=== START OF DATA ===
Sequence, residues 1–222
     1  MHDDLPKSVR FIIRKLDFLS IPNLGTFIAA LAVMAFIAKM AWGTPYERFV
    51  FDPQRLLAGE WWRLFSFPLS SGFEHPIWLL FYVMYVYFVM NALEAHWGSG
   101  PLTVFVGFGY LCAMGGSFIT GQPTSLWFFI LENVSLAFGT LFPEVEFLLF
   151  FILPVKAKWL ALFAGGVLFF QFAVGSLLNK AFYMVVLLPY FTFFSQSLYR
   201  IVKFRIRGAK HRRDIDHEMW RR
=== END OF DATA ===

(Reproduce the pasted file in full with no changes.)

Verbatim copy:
Sequence, residues 1–222
     1  MHDDLPKSVR FIIRKLDFLS IPNLGTFIAA LAVMAFIAKM AWGTPYERFV
    51  FDPQRLLAGE WWRLFSFPLS SGFEHPIWLL FYVMYVYFVM NALEAHWGSG
   101  PLTVFVGFGY LCAMGGSFIT GQPTSLWFFI LENVSLAFGT LFPEVEFLLF
   151  FILPVKAKWL ALFAGGVLFF QFAVGSLLNK AFYMVVLLPY FTFFSQSLYR
   201  IVKFRIRGAK HRRDIDHEMW RR